Task Force In Santa Rosa County Focuses On Human Trafficking
Child advocates and law enforcement officials in Santa Rosa County have organized a task force on human trafficking.
CAUTION: Some of this story may be disturbing to some readers.
“I was 13 when I met my boyfriend. He said I was beautiful, and I believed him,” said a human trafficking victim in a public service announcement in Florida.
“He said I could be a model, and I believed him; he made me feel so good about myself,” said the unidentified female. “It was my real-life fairy tale, and I believed all of it.”
Almost 1,900 cases were reported in 2016 in Florida, a 54 percent increase from the previous year, ranking the state third in the nation.
Six of the victims were in Santa Rosa County says Jody Ennis, a victim advocate at Santa Rosa Kids' House and a task force organizer.
“There’s [sic] not a whole lot of documented cases in Santa Rosa County,” said Ennis. “It’s not because we don’t believe it’s happening here, it’s just that we don’t believe our officers and all other agencies that would be involved have the education to identify and prosecute it.”
Kids' House has received a $50,000 grant from the National Children's Alliance, for training authorities on how to best identify and help human trafficking victims. That training, Ennis says, involves a number of areas.
“How to identify it; what you’re going to do once you identify it. You’re going to have to have therapists come into play,” said Ennis.
Victim advocates call human trafficking modern-day slavery. And while sex is a major part of human trafficking, there’s also labor trafficking.
“You can find them in different types of restaurant work,” Ennis says. “You might see them pull up to the restaurant late at night; picking up several employees, taking them off somewhere. The employees may not be able to communicate with you; that’s a big key right there, if they’re not allowed to speak to you.”
Other forms of labor trafficking can include peddling rings; traveling sales crews, or any activity where somebody benefits from the sale or trade of a human being. And the thing is: human trafficking is not a respecter of age, race, ethnicity, or socio-economic status.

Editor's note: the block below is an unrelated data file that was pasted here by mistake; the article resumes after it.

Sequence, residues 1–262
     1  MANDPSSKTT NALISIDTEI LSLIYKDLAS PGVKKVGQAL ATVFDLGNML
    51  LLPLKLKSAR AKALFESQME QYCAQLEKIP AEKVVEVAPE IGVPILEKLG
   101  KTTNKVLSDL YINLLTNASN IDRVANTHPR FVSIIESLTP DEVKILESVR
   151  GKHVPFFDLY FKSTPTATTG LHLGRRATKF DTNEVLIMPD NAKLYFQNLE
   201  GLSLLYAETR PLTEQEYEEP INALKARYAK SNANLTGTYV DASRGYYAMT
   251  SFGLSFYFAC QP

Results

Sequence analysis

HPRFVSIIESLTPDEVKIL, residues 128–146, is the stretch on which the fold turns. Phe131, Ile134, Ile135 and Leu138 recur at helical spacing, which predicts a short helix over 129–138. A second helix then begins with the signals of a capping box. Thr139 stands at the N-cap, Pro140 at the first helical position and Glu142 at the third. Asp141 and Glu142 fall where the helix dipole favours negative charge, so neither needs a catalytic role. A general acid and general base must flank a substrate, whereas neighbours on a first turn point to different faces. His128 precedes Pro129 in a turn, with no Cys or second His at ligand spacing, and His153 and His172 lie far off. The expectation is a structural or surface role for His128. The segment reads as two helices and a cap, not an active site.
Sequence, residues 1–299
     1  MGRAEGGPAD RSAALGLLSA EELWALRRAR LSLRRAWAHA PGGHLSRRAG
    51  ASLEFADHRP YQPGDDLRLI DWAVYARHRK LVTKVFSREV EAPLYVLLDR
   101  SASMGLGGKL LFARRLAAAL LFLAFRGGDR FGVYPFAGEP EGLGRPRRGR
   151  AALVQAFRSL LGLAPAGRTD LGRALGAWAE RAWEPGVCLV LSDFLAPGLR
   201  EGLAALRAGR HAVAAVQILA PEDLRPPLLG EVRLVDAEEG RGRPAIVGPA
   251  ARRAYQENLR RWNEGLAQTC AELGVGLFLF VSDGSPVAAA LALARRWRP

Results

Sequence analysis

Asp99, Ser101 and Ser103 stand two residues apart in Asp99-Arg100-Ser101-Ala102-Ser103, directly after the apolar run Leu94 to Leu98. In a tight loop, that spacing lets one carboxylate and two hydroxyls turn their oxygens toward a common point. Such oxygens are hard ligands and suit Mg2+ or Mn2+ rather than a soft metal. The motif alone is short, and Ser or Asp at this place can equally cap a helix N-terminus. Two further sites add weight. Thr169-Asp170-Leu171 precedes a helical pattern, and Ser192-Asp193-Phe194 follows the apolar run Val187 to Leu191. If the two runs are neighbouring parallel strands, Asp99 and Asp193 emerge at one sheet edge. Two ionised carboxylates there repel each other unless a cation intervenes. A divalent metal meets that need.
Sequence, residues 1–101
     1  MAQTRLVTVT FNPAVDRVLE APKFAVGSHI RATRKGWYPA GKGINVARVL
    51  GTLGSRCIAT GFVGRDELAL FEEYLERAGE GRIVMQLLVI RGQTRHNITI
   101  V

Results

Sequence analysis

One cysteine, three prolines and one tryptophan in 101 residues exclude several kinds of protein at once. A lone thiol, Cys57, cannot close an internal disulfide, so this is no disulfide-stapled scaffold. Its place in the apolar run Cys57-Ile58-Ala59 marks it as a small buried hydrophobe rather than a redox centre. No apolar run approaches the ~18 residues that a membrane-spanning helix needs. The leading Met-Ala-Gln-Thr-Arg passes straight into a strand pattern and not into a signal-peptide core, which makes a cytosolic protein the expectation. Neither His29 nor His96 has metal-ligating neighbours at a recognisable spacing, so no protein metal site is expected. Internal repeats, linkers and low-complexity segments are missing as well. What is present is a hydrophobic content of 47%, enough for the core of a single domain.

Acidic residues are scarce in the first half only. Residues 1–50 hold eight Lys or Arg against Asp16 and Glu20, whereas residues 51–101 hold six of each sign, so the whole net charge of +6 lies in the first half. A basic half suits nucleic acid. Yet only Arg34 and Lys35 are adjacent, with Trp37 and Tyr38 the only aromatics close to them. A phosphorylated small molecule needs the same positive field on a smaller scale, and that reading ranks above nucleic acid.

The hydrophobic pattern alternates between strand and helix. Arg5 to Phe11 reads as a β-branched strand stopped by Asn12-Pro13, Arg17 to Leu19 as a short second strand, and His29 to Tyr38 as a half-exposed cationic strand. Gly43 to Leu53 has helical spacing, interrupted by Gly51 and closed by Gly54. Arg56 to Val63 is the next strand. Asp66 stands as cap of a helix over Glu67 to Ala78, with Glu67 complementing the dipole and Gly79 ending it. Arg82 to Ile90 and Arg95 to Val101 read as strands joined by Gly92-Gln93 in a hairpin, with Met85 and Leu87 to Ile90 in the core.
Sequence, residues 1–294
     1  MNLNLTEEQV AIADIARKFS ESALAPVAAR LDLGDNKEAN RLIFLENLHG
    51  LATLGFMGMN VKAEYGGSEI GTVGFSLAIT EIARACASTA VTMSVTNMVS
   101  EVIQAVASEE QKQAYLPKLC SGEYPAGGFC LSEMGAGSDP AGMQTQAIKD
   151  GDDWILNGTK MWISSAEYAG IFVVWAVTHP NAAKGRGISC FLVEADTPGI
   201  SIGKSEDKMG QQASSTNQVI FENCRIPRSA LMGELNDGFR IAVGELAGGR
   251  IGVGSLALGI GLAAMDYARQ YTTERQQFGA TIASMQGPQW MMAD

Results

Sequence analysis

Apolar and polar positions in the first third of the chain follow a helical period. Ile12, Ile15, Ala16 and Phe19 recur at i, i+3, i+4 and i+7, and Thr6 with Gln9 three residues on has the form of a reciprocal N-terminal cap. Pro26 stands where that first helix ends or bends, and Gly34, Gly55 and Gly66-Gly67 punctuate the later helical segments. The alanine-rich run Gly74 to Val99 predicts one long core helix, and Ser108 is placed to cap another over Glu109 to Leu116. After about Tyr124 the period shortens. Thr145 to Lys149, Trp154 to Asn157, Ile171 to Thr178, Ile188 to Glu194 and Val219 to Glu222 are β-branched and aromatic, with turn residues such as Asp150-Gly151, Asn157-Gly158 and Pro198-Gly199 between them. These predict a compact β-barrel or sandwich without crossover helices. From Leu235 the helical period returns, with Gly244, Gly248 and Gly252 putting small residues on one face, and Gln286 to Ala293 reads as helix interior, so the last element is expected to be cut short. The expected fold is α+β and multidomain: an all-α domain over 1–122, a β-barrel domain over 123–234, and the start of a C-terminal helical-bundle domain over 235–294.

“It was horrendous; I never thought a human being would go through what I went through, and survive.”
“Sara” – not her real name – appearing in a video produced by the Florida Coalition against Human Trafficking. She was kidnapped in her early teens and was forced into the sex trade, along with enduring both physical and mental abuse.
“Having gasoline poured on me while they held the match,” she says. “Being kicked and stomped on, being [dragged] by my hair,” said Sara. “Having 15 guys circle me and stomp me – and I mean literally stomp me.”
Traffickers are also using technology. The days of pulling up to a victim in a vehicle and snatching them from the street is being replaced with finding them online. Once traffickers have their target, Ennis says they mark them in a process called “branding.”
“Sometimes the traffickers will actually brand their victims with some type of tattoo or barcode -- different symbols you might find on the body, Ennis says. “Sometimes they’ll even do it on the inner bottom lip; underneath the hair on the back of the neck. Most of them are [in] usually hidden places.”
And parents need to recognize the tell-tale signs that their kids may be connecting with some of the wrong people.
“Teenagers who run away who are acting out; or children in particular that might be acting out and having contacts with people online that they shouldn’t be having contacts with,” said Ennis. ‘That should be a big red flag.”
Anyone who suspects a human trafficking situation should contact the National Human Trafficking Hotline at 1-888-373-7888; the Florida Child Abuse Hotline on 1-800-962-2873, or your local law enforcement agency.